As part of the statewide “Don’t Text, Just Drive” campaign, the Cherokee County Sheriff’s Office showed PSU students the dangers of impaired driving with its Seat Simulator. The Seat Simulator has an actual dashboard, steering wheel, and pedals which students use to navigate while watching the “roadway” being displayed on a flat screen monitor.
The instructor is able to change the driving hazards, such as weather and traffic, and also sends students a text while they are driving. When the student violates the rules of the road such as speeding, going left of center, stop sign violations, or crashes, a warning pops up on the simulator.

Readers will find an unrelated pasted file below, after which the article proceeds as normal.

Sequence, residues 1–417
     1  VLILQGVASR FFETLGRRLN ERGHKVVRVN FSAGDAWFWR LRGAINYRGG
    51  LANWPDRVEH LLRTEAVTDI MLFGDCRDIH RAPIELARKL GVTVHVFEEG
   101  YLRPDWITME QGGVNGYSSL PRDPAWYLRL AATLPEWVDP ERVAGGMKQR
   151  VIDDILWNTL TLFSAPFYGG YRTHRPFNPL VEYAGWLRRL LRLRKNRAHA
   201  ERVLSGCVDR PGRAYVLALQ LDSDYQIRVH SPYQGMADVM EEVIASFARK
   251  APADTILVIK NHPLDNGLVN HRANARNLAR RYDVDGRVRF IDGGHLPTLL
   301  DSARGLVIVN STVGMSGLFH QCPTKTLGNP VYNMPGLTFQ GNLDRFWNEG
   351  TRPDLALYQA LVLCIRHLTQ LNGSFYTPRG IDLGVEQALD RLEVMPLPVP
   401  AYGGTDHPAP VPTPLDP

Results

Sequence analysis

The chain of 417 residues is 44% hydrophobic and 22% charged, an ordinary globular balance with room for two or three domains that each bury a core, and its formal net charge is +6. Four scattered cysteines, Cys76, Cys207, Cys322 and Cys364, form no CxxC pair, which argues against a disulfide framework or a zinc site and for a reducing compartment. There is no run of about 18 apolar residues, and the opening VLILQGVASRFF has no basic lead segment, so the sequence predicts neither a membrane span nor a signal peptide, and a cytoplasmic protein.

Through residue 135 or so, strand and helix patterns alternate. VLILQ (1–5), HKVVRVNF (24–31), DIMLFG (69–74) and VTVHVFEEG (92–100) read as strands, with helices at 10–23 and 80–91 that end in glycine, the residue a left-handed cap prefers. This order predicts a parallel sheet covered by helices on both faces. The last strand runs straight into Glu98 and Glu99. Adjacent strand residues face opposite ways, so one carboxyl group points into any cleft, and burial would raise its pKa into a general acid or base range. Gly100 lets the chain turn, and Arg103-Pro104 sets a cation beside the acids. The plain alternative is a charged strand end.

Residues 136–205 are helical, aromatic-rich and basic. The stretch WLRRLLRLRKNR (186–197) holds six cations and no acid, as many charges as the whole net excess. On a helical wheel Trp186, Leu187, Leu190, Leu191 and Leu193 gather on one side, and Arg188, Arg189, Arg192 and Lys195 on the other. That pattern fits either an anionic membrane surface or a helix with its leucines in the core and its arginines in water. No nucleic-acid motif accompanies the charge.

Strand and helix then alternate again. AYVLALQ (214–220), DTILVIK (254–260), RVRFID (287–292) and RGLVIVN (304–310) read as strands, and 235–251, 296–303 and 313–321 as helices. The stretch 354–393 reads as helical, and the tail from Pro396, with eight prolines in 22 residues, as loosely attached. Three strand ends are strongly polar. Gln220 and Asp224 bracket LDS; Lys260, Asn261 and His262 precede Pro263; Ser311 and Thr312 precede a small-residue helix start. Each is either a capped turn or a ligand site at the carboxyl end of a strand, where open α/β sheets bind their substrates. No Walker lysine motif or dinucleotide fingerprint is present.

“You don’t really realize how fast stuff happens. I would be across the center line all of a sudden. I’d look down for a split second and I’d be on the side of the road or there’d be a rock in front of me, or that rock could be another car. It just brings it to light how fast stuff happens when you are texting and driving,” said Pitt State senior Ellie Fritts.
Drivers under 20 years old have the highest amount of distraction-related fatal crashes, according to the National Highway Traffic Safety Administration. They also text more than any other age group, and the number of young drivers who text is only increasing.